Any person who "invents or discovers any new and useful process, machine, manufacture, or composition of matter, or any new and useful improvement thereof, may obtain a patent," subject to the conditions and requirements of the law. So says the US Patent and Trademarks Office (USPTO), citing the applicable statute.
There's a lot of slicing, dicing and hair splitting over nearly every part of that sentence, and some extraordinary debates and numerous calls for reform of the patent system. Nevertheless, today we're looking at two patents that the owners appear to be keen to enforce.
Between them, they appear to cover a few simple, and difficult-to-avoid systems that underpin pretty much every graphical virtual environment, and MMOG that you can think of, from World of Warcraft, to Second Life -- and perhaps most of the online multiplayer games since the era of Doom.
The two patents in question are 6,219,045 and 7,181,690. Respectively those are "Scalable virtual world client-server chat system" and "System and method for enabling users to interact in a virtual space".
As software patents go, they're actually pretty straightforward. Don't be fooled by the language, however, as patents only appear to be written in English. Sure, the words are English as are the sentence constructions, but each word and phrase possesses an accretive definition representing layers of judicial precedent. Many of the words, therefore, do not necessarily have the same meanings you would find in the dictionary. Not when it comes to arguing them in court.
And an argument in court seems to be in the offing.
"We are pleased to have the expertise and IP experience of General Patent and Lerner David to enforce Worlds' patent portfolio," stated Thom Kidrin, Worlds' CEO. [our emphasis] "As the number of virtual worlds and MMORG's continues to grow, Worlds has seen the space we pioneered in 1995 validated in techniques and methodologies we believe are defined in our patents."
We're not sure that Worlds.com necessarily pioneered the space in 1995, but whether they did or not really isn't the issue here. Patent 6,219,045 was filed in 1996 and granted in 2001. Patent 7,181,690 was filed in 2000 and granted in early 2007.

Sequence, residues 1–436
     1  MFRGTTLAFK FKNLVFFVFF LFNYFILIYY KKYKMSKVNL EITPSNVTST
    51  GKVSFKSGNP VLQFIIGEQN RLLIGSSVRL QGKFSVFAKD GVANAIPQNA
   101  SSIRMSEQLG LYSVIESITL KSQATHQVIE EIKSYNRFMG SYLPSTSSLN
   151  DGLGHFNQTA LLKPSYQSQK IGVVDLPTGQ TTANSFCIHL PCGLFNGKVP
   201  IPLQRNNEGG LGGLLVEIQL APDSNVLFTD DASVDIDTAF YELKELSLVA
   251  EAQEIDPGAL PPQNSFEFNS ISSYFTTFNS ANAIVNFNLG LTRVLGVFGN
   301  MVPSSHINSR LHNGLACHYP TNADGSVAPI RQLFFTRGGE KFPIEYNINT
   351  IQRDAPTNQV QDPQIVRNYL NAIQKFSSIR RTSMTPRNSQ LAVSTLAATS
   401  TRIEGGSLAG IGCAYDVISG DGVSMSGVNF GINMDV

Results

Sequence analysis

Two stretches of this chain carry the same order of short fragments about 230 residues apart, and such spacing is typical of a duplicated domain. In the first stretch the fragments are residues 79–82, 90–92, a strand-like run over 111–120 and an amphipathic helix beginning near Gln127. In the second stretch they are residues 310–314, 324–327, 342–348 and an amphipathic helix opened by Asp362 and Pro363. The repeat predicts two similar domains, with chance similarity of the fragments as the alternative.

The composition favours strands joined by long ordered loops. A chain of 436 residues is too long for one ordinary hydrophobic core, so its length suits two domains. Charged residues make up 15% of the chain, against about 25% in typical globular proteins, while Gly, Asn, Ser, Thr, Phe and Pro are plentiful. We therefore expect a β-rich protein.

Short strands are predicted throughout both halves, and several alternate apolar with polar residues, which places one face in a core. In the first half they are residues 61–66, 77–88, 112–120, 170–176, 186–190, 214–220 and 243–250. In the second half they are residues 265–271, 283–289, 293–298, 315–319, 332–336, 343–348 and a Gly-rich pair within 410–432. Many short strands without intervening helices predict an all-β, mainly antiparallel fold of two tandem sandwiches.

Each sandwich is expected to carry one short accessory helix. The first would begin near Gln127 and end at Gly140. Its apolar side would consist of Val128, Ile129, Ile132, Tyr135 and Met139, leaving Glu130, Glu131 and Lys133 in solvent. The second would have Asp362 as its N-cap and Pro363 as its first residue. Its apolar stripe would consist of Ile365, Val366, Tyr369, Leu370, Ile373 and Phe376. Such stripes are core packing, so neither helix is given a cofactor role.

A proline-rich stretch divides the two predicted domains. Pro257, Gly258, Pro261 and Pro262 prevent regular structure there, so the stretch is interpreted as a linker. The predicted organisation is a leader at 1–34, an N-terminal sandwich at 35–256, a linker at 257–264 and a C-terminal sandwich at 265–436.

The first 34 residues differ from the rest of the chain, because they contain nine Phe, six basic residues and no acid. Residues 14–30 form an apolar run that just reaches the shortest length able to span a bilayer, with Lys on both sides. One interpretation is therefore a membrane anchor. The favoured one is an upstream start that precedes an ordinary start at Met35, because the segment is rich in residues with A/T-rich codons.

Right now, barring some circumstance that might invalidate them (a lengthy and costly procedure), Worlds.com does in fact appear to hold the keys to the fundamentals of almost all virtual environment and MMOG architectures.
The usual procedure at this point is to line up the lawyers and demand money. Lots of money. Submarine patent enforcement strategy usually goes one of two ways. Either you basically hit a lot of people at once, hoping that a whole bunch of them will settle before any of the cases actually get to court, or you target an organization that is weak or has little in the way of cash reserves.
In the latter strategy, getting your weak target to roll over in court establishes a precedent that makes your patents much harder to overturn by anyone else in future.
Obviously there's prior art involved, but a half-baked prior-art opposition can actually strengthen a patent's position, and potentially invalidate the prior art from being used in further challenges.
Vigilantibus non dormientibus æquitas subvenit
"Equity aids the vigilant, not those who slumber on their rights"
The doctrine of Laches -- typified by the above quote -- seems to be the most effective opposition in this case -- basically, that if World.com's patents are being infringed upon, that it has been happening openly for some years, and that they chose to do nothing during that period.
You can also bet your bootstraps that these are not the only patents lurking in the wings that potentially threaten our favorite industry. We expect to see more of this sort of thing pop up over the next few years.
In the meantime, we will be watching what World.com and its partners do with these patents with keen interest.
Update: NCsoft has been sued for infringement of one of these patents, and we've got additional commentary here.